I think this is a little more formal than what others have been posting, but here it is anyway. It's somewhat an expansion of the comment I made earlier, with some more points and some textual support:
From a surface reading, it appears that women are a respected group in Starship Troopers. Rico repeatedly speaks of the intelligence of his friend Carmencita (27, among others), and he admires the prowess of the pilots that fly him into battle (9). However, when it comes down to it, there is little place for strength and honor among women in his world. In fact, Rico's attitude towards women is indicative of the systematic lack of respect that his society accords women.
Rico has two key close interactions with women of his own age in the book, both with Carmencita Ibanez. In the first, he is surprised when Carmencita tells him she wants to sign up for Federal service, since "little Carmen was so ornamental that you just never thought about her being useful" (26). It is hard to overstate how well this describes Rico's attitude toward women, whether they be his peers or his superiors. Though they may have key roles, Rico never considers them to have any kind of fundamentally important role in the workings of the universe. In fact, when Carmen gains some responsibility, Rico begins to respect her, but only insofar as she gains what he considers to be masculine qualities â€“ he finally sees her as an "officer and a fighting man â€“ as well as a very pretty girl" (139). In Rico's eyes, a warrior must be male, and if Carmen has these qualities, they must be separate from her femininity.
At first glance, the pilots in Starship Troopers seem to be a counter-example to this prejudice. Though every single soldier in the M.I. is male, the navy pilots are invariably female, and play a vital role in getting the soldiers to the ground safely. They are well-loved by the men whose lives are in their hands, and they hold absolute authority over their ship. But really, how respected are they? They are at most mid-ranking officers, who control their ship and perform a specific duty. In their capacity as troop transport drivers, they simply take the soldiers from one place to another, and never participate actively in the battle. As captains of navy warships, as mentioned in the book, they stand off at a distance and pound bug planets into oblivion. They are never present in the grit of the battlefield, and thus have no way to gain honor and respect in the eyes of the army men.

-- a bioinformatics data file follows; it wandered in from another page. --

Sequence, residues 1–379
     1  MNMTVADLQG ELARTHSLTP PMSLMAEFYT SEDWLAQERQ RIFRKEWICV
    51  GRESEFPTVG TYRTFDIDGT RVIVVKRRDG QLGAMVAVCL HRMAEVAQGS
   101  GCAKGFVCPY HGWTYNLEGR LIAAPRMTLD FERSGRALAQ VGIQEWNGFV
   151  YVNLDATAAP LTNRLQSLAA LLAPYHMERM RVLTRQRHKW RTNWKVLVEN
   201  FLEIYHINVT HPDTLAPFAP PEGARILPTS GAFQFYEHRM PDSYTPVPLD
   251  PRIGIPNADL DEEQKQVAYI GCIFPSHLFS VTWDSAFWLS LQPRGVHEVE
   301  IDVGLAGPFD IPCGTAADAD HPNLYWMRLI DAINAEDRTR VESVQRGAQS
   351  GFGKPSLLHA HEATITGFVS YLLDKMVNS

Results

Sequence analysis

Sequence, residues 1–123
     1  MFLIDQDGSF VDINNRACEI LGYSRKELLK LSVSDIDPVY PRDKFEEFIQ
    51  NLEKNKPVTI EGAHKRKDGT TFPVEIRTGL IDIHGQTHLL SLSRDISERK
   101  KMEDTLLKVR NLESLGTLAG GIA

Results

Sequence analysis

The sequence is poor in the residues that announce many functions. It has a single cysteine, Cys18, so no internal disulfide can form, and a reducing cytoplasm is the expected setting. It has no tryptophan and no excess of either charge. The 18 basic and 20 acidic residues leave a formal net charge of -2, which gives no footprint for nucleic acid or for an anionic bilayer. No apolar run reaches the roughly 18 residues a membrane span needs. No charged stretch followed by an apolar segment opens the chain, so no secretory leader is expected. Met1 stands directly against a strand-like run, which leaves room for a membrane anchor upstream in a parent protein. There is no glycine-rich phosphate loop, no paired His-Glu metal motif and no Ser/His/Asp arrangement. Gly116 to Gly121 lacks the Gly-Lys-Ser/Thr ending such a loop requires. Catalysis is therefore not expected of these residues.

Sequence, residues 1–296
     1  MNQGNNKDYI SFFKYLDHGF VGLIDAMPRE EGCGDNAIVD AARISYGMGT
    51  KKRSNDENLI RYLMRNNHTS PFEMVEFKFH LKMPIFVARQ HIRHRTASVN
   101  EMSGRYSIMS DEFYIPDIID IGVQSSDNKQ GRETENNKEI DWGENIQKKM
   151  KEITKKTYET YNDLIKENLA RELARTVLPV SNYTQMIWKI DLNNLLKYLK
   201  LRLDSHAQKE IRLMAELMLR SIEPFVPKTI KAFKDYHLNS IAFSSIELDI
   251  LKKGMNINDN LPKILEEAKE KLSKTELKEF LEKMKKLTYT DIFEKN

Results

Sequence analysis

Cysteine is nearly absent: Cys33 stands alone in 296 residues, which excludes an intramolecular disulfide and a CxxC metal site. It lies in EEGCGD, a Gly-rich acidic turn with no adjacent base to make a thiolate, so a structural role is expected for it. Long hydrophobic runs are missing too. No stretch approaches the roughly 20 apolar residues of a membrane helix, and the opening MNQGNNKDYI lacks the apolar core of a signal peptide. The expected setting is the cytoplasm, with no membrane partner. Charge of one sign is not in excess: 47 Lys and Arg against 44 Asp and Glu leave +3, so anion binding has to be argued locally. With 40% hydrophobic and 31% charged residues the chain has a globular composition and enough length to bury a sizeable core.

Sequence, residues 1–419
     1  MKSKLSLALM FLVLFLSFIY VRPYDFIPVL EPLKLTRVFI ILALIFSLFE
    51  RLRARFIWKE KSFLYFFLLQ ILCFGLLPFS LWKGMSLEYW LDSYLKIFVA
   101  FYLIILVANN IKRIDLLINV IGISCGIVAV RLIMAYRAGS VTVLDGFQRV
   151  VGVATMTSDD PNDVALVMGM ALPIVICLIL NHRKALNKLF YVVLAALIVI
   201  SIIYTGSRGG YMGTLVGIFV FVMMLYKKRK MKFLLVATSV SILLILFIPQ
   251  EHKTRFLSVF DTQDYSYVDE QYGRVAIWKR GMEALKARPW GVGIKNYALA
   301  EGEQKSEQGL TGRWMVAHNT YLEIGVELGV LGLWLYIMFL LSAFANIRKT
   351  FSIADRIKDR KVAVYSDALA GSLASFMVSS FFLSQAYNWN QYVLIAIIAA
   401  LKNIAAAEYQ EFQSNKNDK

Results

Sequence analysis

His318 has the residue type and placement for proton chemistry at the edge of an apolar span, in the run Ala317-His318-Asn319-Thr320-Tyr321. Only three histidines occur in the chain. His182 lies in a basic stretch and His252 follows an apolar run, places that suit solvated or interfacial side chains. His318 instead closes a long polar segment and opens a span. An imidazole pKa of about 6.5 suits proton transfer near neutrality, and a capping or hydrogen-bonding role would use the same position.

The one non-pilot female mentioned in the book, aside from Rico's mother, is actually smarter and more on top of things than her superior, and yet explicitly cut out of the chain of command. This is Miss Kendrick, the secretary to Rico's instructor Colonel Nielssen at the Officer academy. Colonel Nielssen admits that he signs "anything, if Miss Kendrick has initialed it," and yet if he were to die, she would "not do a blessed thingâ€¦because she is not in the line of command and has no authority" (150). By all rights, Miss Kendrick should be the one making commands, but she is a woman, and thus is not able to gain the respect she needs to make such decisions.
In fact, no woman in Starship troopers would be able to reach a seriously high level in the military. In order to become a general, and command the overall structure, a soldier has to work his way up through both the navy and the army. Conceivably, a woman could work her way up through the navy, but there is not a single woman in the army, so she could never gain the highest position.
Because of the number of women involved in the military, it seems that this power disparity would continue when the women returned from federal service. Rico's society is strictly militaristic, and the most respected roles are those of the military. It follows that the most respected individuals in the Federal government are those that participate at a high level in military service. In comparison to the size of the army, the navy is very small, in terms of man-power, and not all of the people in the navy are women. As such, the number of male respected citizens would far outweigh the number that are female, and so the women will likely have as little say in the non-military aspects of governance as they do in the military sphere.
This final effect of the societal disregard for women firmly marginalizes them in the Starship Troopers universe. They are respected in some small sense, but nevertheless are systematically left out of any important, guiding, decision-making capacity.